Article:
Government Data Summit: Earn trust with data before you use it, says Director General
Against the backdrop of interesting events in Downing Street, Civil Service leaders came together to focus on how they enable smarter, fairer decision-making at the Government Data Summit, a one-day event for senior central government data professionals from the UK and overseas.
Senior data leaders from across Whitehall engaged with their international counterparts from US, Canada, Germany and Poland for the 3rd annual conference, bringing together over 120 attendees in spite of distractions up the road.
Trust: Never to be taken for granted
In the first keynote speech of the morning, Alison Pritchard, Deputy National Statistician and Director General Data Capability at the Office for National Statistics (ONS), spoke about the public sector’s need to earn and sustain citizen trust in data sharing and access.
“We need to convince the public that the way we use data is in their interest and not our own,” she said.
A recent study by independent social research organisation NatCen shows that in 2021 87% of people in the UK trusted ONS statistics - a six percent point increase since 2014. 90% of respondents agree that personal information provided to the ONS would be kept confidential, and 74% believe that statistics are produced free from interference.
Almost all of those surveyed (96%) agree with the need for an independent body, such as the UK Statistics Authority, to oversee the production and use of statistics.
Despite the encouraging figures, Pritchard warned that public trust in government data is fragile and that negative attitudes towards data risk hinder critical delivery and success. “This is a reminder that we need to earn trust to use data and the way we use it,” she added.
A key initiative adopted by the ONS to build public trust in how government uses data is continuous engagement with citizens and actively seeking dialogue and building understanding with the public. The ONS is achieving this through local outreach, media and social campaigns, events, and promoting case studies.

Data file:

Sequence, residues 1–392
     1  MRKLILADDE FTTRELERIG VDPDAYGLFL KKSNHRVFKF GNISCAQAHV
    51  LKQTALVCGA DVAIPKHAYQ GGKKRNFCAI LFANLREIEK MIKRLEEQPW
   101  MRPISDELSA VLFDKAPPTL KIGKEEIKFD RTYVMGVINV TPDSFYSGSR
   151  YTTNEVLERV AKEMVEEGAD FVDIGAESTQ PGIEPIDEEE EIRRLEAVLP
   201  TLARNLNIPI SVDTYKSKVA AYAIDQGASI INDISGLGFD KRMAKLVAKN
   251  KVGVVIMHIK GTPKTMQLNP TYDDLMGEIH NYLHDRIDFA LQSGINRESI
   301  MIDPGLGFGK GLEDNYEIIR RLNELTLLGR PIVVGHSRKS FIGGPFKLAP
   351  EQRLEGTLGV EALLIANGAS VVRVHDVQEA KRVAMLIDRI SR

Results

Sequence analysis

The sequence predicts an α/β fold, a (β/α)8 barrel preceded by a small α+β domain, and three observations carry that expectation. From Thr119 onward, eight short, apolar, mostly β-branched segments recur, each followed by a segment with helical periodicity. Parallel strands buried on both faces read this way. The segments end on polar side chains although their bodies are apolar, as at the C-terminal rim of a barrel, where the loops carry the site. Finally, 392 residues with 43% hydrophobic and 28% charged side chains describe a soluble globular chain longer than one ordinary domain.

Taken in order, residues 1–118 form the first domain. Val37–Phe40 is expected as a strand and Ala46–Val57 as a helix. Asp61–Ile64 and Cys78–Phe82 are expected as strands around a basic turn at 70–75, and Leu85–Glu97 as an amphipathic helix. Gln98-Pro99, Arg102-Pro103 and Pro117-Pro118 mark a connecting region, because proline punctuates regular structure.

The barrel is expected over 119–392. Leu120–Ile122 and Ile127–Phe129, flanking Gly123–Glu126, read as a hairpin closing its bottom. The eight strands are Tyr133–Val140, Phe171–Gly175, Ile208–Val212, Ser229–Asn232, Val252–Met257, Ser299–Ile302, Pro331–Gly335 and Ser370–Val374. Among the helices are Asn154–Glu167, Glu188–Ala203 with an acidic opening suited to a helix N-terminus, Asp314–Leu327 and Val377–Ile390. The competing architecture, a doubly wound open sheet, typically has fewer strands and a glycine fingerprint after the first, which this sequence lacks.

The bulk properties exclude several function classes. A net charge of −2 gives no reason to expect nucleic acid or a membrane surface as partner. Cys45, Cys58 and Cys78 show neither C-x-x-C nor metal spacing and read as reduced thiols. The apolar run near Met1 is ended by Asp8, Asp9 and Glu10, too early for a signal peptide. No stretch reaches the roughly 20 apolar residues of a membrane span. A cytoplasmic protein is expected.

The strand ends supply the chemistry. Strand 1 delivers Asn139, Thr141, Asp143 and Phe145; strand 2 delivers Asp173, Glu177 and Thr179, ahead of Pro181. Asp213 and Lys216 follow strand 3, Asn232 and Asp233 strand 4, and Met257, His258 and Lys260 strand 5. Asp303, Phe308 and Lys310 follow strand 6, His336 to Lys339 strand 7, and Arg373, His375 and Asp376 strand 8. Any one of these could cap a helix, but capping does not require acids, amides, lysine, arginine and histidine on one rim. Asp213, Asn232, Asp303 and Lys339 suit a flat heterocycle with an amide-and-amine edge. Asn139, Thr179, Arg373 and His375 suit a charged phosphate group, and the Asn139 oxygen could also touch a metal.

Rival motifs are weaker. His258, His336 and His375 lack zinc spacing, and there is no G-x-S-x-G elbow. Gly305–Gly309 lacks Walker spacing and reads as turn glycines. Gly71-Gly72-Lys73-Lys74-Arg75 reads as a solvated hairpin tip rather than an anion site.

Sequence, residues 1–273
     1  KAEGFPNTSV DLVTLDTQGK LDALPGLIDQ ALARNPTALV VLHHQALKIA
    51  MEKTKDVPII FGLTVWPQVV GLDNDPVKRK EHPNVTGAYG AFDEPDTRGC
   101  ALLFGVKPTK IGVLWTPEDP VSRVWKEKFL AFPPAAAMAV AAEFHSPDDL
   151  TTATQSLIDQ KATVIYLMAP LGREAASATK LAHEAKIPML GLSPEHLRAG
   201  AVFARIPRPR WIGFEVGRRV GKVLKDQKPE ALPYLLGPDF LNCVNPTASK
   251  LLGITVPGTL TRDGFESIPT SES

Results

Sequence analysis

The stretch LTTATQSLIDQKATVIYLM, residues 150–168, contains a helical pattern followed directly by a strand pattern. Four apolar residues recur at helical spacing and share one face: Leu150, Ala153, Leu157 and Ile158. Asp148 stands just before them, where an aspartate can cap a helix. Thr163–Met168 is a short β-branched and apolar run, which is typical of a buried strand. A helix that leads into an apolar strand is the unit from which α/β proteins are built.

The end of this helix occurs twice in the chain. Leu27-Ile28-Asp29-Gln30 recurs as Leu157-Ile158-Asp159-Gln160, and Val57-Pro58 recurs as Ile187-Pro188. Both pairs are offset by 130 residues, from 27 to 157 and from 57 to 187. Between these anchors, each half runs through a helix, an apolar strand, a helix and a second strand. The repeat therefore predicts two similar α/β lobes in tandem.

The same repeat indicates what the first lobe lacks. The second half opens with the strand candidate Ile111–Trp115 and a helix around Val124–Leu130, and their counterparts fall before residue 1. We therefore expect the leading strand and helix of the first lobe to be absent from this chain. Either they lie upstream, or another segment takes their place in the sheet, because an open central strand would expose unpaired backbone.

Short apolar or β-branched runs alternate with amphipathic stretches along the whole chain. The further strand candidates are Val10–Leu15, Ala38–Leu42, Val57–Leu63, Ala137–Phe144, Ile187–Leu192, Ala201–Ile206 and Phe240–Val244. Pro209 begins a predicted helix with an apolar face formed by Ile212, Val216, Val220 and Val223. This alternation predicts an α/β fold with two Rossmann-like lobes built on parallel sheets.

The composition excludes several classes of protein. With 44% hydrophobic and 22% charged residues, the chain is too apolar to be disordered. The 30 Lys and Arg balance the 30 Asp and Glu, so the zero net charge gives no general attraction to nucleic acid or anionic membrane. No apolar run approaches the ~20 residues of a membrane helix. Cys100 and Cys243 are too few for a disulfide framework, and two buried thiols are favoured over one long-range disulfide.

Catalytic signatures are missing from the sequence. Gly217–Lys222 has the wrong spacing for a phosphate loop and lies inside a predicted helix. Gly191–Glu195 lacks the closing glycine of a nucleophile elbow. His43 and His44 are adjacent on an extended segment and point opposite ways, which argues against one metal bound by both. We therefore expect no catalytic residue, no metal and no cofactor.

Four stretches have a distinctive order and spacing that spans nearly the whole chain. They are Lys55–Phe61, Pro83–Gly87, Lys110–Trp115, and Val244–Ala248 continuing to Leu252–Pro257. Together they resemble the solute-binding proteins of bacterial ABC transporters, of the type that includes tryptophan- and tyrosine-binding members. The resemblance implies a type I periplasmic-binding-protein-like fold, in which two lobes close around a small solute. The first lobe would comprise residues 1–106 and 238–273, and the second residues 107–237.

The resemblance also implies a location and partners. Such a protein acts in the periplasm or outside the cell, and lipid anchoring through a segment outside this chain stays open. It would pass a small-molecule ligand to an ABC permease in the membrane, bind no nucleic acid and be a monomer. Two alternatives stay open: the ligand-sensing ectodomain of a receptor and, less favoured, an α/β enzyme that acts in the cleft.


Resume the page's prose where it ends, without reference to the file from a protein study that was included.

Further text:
The ONS is also committed to transparency, something it has embedded in its policy and operations, and is actively listening to citizens to understand their motivations. In addition to this, Pritchard said that specific bodies, such as the Expert Advisory Group, ONS Assembly and focus groups and consultations, are helping to bring people’s voices into the ONS’s decisions and service.
Unlocking opportunities through data-enabled technologies
In between discussion roundtables, where delegates and speakers had the opportunity to talk amongst themselves on a series of topics under the Chatham House rule, a panel of experts took to the stage to discuss the topic ‘data as an agent of transformation’.
Mark Azzam, Chief Data Officer and the Ministry for the Environment, Nature Conservation, Nuclear Safety and Consumer Protection at the Government of Germany, spoke about the potential of digital twins for positive change and addressing some of the most pressing challenges for governments today: “You can answer many different problems with a single framework.”
In the UK, Lien Bailey, Chief Data Officer at the Intellectual Property Office, shared how her team is using AI in a self-service tool that helps individuals and businesses check if anyone already has a trade mark similar to the one they want to register, saving the IPO time and resources: “For us, transformation is adding value, not adding more admin, and data is essential to that mission,” Bailey told delegates.
Reflecting on the morning sessions, David Wilde, GM for Government at Government Transformation magazine and panel moderator, said that a common thread he observed from delegates and speakers during the morning sessions was the importance of getting governance right, a critical element for data sharing.
“We need to find out how to reconcile the tension between data sharing and governance, bring them together and make government move forward,” Wilde said.
Roundtable photo credit: Tom Griffiths.